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Why You Shouldn't Be Afraid Of a Colonoscopy

If you shudder at the thought of having a colonoscopy, you’re not alone. A recent study by the Colon Cancer Alliance (CCA) found that 70 percent of Americans ignore recommendations for screening colonoscopies due to fear. While it’s true the procedure is hardly anyone’s idea of fun, putting it off can leave you at risk for colon cancer, the second leading cause of cancer-related deaths.

During a colonoscopy, a doctor inserts a flexible, lighted tube, called a colonoscope, into the rectum and guides it around the entirety of the colon, searching for abnormal growths. If any are found, the doctor can remove them during the procedure before they pose any health threat. Many fear that a colonoscopy will be a painful, uncomfortable procedure, when in fact, the sedative patients receive prior to the examination prevents pain or discomfort. Furthermore, most people sleep through their colonoscopy and have no memory of the procedure itself.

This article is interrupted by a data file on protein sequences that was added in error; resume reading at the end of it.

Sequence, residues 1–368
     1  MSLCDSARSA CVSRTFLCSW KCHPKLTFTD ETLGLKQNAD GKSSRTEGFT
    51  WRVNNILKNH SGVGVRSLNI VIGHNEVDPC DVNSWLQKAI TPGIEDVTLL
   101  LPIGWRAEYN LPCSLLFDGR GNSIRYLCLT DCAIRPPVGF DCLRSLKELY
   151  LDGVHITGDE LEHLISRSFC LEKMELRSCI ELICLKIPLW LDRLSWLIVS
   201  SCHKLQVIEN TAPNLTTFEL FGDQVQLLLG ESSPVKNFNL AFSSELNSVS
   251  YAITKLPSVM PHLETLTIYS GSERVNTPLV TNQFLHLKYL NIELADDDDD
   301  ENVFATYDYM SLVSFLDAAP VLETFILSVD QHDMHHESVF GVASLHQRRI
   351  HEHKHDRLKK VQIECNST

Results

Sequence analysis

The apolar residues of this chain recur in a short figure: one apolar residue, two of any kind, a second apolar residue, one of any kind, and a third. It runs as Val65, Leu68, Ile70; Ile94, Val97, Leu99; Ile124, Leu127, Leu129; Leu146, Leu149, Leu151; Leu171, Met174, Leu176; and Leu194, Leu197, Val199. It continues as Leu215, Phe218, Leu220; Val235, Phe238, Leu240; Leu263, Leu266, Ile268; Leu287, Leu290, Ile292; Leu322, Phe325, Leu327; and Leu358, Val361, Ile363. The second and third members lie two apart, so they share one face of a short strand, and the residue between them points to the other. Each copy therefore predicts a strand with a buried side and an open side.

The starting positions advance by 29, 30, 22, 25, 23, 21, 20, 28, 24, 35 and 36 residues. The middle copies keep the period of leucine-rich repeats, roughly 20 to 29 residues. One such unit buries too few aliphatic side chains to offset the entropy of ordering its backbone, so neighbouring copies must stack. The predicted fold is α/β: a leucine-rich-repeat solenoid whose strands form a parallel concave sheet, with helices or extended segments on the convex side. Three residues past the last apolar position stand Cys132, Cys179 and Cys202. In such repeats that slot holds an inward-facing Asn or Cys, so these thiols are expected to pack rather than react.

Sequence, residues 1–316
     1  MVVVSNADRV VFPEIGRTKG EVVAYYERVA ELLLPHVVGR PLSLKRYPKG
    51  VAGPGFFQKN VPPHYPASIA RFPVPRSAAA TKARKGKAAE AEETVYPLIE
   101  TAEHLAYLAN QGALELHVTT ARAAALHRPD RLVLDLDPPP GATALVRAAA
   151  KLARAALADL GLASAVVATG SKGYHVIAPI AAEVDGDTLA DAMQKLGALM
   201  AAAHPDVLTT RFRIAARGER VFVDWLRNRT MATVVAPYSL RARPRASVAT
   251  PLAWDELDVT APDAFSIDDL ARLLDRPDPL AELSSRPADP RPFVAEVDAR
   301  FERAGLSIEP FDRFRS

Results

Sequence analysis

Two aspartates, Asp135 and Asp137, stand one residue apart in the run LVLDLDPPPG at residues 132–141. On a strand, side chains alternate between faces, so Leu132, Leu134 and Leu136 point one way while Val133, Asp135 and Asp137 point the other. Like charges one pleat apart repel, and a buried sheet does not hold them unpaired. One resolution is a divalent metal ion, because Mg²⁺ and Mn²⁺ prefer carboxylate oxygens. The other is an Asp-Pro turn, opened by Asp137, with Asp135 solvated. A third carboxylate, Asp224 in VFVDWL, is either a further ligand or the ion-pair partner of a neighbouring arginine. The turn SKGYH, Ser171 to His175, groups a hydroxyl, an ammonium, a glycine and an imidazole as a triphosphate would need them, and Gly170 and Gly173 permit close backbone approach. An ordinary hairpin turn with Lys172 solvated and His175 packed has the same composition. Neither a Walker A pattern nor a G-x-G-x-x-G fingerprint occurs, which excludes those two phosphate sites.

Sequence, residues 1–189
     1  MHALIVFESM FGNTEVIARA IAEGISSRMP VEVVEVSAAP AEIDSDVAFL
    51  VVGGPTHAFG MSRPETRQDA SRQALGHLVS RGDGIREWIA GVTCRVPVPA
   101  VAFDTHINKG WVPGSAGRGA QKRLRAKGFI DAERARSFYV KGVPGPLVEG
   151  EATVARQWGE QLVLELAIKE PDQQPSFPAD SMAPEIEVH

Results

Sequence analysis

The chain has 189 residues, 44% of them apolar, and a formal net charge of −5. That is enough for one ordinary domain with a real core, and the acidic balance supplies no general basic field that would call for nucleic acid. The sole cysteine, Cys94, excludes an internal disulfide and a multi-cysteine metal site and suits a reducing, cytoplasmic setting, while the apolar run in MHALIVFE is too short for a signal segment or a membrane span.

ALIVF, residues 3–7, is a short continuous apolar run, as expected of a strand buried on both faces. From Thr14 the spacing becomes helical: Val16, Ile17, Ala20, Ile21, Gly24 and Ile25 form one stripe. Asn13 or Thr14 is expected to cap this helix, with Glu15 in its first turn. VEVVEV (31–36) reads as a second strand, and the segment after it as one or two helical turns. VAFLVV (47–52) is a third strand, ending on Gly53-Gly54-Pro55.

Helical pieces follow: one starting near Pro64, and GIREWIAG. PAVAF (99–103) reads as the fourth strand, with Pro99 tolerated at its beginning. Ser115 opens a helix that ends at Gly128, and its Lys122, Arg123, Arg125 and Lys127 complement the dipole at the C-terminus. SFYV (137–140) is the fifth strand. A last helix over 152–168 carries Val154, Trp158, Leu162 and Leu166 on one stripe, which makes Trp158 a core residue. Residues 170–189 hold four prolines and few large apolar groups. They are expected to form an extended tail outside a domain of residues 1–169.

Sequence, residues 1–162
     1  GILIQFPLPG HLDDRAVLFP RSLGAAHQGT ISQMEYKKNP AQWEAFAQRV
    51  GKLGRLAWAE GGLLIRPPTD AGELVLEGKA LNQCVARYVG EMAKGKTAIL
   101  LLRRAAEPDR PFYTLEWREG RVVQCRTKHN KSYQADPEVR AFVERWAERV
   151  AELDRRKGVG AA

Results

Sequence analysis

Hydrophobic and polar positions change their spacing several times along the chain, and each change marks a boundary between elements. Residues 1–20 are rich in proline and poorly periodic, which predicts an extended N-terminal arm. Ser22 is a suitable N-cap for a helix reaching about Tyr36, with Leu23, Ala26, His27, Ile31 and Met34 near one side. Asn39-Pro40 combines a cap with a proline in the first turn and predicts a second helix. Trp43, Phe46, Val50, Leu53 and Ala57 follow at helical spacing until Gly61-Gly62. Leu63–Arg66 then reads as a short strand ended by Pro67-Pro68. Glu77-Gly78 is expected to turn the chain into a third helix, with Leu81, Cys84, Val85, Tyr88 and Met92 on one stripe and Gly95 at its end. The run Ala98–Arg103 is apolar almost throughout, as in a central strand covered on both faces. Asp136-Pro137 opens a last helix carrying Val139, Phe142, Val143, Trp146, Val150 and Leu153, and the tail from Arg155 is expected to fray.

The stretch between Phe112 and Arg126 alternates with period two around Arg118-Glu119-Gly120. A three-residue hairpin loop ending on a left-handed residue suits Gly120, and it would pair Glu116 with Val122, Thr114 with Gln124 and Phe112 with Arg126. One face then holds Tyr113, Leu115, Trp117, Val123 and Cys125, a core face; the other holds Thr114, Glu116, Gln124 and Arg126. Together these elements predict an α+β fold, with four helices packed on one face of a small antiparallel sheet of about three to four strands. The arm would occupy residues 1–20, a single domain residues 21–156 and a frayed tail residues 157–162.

Colon cancer has a 90 percent survival rate when it is detected early, and a colonoscopy is considered the gold standard of colon cancer screening as it can remove tumors before they develop into cancer. In the CCA’s survey of 1,700 people, 50 percent reported that the colonoscopy itself was the easiest part of the screening experience, while 75 percent said the bowel preparation process the day before the procedure, which consists of a liquid-only diet and the use of laxatives, was the hardest part. And while the bowel preparation may be unpleasant, it is not painful.

Don’t let fear get in the way of having a colonoscopy. The procedure itself lasts only 30-60 minutes, and patients may resume normal activities the next day. To learn more about the colonoscopy process, click here. To find a screening center near you, click here.

posted on January 21, 2014 in news